“There were a lot of people who talked to me and wanted me to get help,” Mr. Thompson said. “There were some teammates in Anaheim who talked to me. I’ve had coaches and people along the years who have addressed it to me. I was always in denial and never thought I had an issue. I always kind of thought I had it under control. The person has to want to get help. That was me. You have to get to that point where you can’t take it anymore, and you’re kind of surrendering a little bit. That’s kind of where I was. I was just helpless, I needed help, and I reached out for it.”
If he could offer advice to anyone in a similar situation, Mr. Thompson’s message would be straightforward.
“The biggest part is just reaching out for help,” he said. “If you do that, you’re already going in the right direction.”
NHL player agent Matt Keator has had a front-row seat for nearly the entire journey, having represented Mr. Thompson since early in his career.
“He’s really evolved as a person, maturity-wise and everything,” Mr. Keator told The Epoch Times. “He’s made a difference for many others in hockey and used his story, basically, as a life lesson. He’s very good at working with young people, whether it be players or people with substance-abuse issues or anything. He’s very well-spoken and respected. I’m excited for Nate and the next chapter. He’s someone you always cheer for.”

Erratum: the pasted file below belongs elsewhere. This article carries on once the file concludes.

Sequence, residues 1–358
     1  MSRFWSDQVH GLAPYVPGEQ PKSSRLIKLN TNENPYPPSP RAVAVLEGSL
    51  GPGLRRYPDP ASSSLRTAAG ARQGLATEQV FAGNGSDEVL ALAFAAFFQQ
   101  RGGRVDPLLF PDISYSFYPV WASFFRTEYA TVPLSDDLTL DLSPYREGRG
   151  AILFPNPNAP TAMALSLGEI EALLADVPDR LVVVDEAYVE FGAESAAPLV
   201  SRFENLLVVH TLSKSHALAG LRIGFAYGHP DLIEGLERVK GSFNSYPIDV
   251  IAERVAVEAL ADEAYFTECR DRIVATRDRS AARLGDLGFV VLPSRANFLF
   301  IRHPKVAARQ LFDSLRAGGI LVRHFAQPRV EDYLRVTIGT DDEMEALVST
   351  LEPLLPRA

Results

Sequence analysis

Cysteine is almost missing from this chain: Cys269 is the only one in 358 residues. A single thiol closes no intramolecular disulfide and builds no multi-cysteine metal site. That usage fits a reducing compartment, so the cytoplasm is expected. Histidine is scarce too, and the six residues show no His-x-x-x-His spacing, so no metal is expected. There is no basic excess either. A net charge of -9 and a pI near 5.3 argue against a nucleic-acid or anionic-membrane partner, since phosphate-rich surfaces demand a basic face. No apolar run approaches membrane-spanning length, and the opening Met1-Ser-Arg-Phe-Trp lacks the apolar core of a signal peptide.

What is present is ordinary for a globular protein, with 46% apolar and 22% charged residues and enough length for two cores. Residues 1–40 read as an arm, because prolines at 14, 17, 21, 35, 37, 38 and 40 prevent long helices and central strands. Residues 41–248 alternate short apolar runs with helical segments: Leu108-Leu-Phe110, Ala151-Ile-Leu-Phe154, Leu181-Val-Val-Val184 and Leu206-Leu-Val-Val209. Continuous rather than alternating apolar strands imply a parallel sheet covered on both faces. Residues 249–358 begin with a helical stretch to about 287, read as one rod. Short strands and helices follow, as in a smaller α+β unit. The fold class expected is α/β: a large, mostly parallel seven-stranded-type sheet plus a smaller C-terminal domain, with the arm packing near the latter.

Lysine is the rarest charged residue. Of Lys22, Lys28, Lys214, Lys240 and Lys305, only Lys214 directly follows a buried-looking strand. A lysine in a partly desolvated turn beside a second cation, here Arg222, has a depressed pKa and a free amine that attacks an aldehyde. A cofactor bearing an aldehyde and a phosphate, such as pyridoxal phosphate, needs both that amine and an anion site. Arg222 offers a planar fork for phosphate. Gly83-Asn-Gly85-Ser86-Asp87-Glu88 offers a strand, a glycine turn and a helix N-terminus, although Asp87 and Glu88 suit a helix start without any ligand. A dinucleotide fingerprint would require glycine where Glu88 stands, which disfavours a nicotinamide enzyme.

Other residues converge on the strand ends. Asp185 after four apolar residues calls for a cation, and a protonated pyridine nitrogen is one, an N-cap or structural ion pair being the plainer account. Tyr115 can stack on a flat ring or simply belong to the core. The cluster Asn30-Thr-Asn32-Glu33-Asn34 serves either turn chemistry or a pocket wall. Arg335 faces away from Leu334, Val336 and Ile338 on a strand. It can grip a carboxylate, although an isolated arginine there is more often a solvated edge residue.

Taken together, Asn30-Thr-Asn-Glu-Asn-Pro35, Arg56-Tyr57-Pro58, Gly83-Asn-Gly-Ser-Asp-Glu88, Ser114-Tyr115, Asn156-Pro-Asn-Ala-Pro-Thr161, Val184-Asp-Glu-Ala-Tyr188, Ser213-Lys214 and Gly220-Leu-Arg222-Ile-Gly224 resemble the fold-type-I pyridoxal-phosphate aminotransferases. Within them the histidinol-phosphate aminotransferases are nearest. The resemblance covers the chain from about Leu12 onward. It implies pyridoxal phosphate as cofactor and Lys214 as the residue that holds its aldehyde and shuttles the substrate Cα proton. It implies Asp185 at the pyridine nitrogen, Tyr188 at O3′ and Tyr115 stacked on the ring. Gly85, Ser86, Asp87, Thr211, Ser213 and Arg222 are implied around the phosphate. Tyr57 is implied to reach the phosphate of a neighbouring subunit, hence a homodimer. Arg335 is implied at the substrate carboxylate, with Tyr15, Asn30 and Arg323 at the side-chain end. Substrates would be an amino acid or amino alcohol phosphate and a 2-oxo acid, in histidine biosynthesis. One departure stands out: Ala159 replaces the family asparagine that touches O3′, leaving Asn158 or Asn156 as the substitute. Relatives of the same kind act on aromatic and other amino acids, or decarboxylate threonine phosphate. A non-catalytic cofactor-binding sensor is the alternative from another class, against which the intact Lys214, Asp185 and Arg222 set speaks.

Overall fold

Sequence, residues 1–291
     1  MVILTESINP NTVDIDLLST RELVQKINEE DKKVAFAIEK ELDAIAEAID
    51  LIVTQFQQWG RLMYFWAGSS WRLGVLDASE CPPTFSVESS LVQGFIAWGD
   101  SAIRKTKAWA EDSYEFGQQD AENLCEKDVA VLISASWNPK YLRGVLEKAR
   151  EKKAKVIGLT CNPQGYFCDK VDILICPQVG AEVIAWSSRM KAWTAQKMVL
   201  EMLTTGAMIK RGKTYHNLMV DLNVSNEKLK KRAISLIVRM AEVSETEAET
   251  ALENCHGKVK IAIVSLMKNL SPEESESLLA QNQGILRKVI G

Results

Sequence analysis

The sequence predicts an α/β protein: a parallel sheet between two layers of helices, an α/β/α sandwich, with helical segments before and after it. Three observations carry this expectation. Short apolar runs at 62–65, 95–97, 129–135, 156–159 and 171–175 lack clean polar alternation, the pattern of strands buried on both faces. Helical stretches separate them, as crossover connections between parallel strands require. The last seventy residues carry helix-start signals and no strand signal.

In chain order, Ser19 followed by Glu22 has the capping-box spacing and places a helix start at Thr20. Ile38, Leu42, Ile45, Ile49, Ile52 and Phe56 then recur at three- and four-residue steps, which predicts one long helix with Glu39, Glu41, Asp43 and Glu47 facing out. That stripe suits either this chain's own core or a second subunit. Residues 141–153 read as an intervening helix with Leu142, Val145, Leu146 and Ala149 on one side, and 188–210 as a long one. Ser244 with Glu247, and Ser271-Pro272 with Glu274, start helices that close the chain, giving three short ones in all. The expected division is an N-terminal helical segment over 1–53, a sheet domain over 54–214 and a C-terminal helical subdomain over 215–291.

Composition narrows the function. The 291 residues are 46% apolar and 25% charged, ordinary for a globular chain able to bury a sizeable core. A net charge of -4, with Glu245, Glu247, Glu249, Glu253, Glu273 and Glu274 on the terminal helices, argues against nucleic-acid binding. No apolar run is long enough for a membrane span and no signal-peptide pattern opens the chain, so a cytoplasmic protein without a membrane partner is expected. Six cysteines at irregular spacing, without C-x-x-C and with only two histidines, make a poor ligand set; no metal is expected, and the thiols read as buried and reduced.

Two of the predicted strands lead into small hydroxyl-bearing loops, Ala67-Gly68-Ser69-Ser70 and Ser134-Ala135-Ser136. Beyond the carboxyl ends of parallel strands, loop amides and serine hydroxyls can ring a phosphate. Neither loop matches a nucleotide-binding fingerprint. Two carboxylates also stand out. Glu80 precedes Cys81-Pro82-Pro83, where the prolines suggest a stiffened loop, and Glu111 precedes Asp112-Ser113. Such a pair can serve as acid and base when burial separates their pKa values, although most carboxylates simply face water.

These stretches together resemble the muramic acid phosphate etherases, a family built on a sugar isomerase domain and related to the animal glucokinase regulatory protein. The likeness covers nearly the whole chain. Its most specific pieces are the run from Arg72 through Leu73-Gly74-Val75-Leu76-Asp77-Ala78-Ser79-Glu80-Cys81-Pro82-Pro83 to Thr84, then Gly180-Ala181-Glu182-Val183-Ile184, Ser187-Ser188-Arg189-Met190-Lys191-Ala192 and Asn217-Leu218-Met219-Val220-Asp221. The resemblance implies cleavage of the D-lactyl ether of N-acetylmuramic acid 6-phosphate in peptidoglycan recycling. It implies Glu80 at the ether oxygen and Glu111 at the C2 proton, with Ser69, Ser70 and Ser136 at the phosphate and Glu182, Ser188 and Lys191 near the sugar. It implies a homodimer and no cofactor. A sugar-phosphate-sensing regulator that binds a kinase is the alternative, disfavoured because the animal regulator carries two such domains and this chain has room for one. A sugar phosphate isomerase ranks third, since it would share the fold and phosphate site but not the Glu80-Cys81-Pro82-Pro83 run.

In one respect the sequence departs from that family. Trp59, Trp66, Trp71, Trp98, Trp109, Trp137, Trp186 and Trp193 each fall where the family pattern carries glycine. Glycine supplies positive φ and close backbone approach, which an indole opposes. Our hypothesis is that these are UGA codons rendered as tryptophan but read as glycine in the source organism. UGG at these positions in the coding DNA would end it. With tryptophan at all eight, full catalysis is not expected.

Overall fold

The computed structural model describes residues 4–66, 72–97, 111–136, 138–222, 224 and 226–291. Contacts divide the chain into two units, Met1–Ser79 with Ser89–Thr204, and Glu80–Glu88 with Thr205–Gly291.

Entering the coaching profession with what he called “kind of a blind eye because I have no idea what to expect,” Mr. Thompson isn’t sure where things might lead.
Nate Thompson (44) of the Los Angeles Kings makes a breakout pass during the game against the Carolina Hurricanes at Staples Center in Los Angeles on Dec. 2, 2018. (Harry How/Getty Images)

Nate Thompson (44) of the Los Angeles Kings makes a breakout pass during the game against the Carolina Hurricanes at Staples Center in Los Angeles on Dec. 2, 2018. (Harry How/Getty Images)

“Who knows? Maybe I want to coach for 30 years, or maybe I move into something else,” he said. “I do know one thing. I’m super happy to be involved in hockey. That’s where I want to be. Right now, I’m going to enjoy myself and try to help all these young guys move on to the next level.”
Despite myriad personal challenges, Mr. Thompson has chosen to accentuate the positives.
“I’m definitely in a good place and life is good, no matter what it throws at me,” he said.
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Dan Wood

Dan Wood

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Dan Wood is a community sports reporter based in Orange County, California. He has covered sports professionally for some 43 years, spending nearly three decades in the newspaper industry and 14 years in radio. He is an avid music fan, with a strong lean toward country and classic rock.